It became clear as soon as the study was published that it was not going to settle arguments between industry and environmental groups over the use of phthalates to soften PVC toys for small children. It now appears that it will also fail to solve the challenge facing the European Commission of trying to find an approach that satisfies all EU member states.
Sweden notified the Commission only this month of plans to ban the use of all phthalates in toys and childcare articles for children under three years (ENDS Daily 11 September). An environment ministry official told ENDS Daily today that she had not yet seen the Dutch results but that, in any case, they were not likely to shift Sweden's position about phthalates.
She said that trying to establish safe levels of phthalate leaching from toys was "not the right way to go". The Swedish government feels that as long as there is a reasonable risk of phthalates causing harm then no phthalate migration should be accepted as safe. "It is more important that we should not pose the risk at all - we are applying the precautionary principle."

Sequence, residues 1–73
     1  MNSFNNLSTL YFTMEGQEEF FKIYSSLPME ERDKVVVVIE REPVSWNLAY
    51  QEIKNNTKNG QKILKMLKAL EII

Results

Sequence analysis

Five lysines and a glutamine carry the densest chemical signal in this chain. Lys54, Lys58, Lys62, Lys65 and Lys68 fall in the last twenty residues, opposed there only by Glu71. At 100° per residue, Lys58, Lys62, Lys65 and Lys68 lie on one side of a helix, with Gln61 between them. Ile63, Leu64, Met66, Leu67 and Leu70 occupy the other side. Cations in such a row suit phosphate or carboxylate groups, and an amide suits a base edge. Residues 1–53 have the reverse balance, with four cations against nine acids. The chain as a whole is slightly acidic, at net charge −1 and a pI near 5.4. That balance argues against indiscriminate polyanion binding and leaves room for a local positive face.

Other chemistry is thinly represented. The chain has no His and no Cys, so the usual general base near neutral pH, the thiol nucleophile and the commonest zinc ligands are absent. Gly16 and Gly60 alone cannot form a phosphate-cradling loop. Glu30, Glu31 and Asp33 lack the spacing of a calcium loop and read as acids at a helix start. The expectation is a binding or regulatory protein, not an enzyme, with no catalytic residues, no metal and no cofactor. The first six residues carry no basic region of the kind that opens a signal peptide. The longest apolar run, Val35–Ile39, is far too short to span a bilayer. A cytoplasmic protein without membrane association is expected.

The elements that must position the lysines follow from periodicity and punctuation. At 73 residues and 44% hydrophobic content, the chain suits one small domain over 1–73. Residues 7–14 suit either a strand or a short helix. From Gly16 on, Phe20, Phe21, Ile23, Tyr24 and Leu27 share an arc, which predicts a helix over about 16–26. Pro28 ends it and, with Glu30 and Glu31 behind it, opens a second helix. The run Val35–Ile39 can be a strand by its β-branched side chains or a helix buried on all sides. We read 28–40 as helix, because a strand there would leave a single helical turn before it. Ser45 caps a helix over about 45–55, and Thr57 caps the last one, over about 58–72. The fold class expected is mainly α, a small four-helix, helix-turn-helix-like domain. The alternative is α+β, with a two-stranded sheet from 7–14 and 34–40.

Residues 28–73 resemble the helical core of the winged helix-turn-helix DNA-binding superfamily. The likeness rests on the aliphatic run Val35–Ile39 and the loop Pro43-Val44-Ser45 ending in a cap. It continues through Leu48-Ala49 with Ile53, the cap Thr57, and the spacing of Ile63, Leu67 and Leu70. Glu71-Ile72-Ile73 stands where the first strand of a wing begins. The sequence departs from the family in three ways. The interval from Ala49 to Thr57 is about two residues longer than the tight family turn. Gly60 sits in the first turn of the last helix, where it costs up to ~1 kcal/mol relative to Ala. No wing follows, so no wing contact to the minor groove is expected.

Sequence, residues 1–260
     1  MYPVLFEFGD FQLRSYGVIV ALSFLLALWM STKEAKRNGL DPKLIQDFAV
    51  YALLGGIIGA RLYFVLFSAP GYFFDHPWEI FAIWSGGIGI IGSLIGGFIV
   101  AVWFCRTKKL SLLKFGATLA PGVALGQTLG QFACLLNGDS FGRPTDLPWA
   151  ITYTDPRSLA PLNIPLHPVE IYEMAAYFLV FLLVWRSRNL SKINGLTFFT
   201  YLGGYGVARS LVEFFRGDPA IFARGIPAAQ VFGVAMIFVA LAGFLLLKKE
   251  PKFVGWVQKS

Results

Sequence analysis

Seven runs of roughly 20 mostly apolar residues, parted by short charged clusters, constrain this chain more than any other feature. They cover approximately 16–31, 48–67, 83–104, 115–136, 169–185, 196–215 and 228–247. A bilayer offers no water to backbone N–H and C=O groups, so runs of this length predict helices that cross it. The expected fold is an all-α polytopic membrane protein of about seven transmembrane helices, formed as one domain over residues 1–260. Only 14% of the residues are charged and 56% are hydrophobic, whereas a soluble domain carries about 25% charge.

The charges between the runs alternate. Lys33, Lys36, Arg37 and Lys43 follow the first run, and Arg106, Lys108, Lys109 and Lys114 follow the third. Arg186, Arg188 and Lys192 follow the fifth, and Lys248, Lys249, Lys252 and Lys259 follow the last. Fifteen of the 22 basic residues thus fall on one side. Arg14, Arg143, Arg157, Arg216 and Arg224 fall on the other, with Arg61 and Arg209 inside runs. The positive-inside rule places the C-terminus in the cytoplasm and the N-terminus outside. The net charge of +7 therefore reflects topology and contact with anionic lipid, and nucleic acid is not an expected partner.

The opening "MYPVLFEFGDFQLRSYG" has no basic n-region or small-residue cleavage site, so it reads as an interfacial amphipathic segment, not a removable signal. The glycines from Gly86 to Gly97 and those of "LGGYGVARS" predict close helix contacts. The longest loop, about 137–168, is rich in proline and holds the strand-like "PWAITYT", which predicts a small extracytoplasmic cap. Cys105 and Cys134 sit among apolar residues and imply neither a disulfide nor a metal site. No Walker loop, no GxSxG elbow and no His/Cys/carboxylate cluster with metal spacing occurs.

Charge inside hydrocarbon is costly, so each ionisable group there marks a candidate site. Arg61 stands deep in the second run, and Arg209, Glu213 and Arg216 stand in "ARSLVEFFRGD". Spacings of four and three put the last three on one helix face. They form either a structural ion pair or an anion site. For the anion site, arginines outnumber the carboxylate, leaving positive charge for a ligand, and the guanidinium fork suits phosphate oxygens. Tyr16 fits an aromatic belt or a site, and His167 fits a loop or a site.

Denmark says it intends to discuss the Dutch study with other EU states. It notified the Commission in August of plans to ban phthalates in children's toys (ENDS Daily 6 August). A senior Environmental Protection Agency official told ENDS Daily that she was "sceptical" about the Dutch study and that it "tells us nothing new". It showed - like all other studies that have been done - that there is some level of phthalate migration and that, she said, was "not acceptable".
Denmark is also concerned about some assumptions used the Dutch study, which, it says, are less cautious than those adopted by an EU scientific committee in making a preliminary assessment of phthalate risks earlier this year.
The EU committee assumed that phthalate exposure from PVC toys represented 20-30% of children's likely total exposure from all sources including food. The Dutch study assumes that PVC toys are "the most important source" of phthalates for children. Another crucial difference is that the EU committee assumed that children suck toys for longer each day than the Dutch researchers.
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